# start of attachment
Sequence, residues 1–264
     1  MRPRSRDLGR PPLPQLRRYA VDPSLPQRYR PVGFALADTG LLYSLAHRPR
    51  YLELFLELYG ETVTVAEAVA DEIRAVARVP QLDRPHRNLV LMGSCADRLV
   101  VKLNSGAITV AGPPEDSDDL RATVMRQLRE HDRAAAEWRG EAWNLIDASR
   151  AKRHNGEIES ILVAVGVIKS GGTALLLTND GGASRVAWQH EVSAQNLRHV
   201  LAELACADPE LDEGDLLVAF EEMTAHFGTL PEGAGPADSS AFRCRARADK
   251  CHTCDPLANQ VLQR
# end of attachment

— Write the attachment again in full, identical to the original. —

Sequence, residues 1–264
     1  MRPRSRDLGR PPLPQLRRYA VDPSLPQRYR PVGFALADTG LLYSLAHRPR
    51  YLELFLELYG ETVTVAEAVA DEIRAVARVP QLDRPHRNLV LMGSCADRLV
   101  VKLNSGAITV AGPPEDSDDL RATVMRQLRE HDRAAAEWRG EAWNLIDASR
   151  AKRHNGEIES ILVAVGVIKS GGTALLLTND GGASRVAWQH EVSAQNLRHV
   201  LAELACADPE LDEGDLLVAF EEMTAHFGTL PEGAGPADSS AFRCRARADK
   251  CHTCDPLANQ VLQR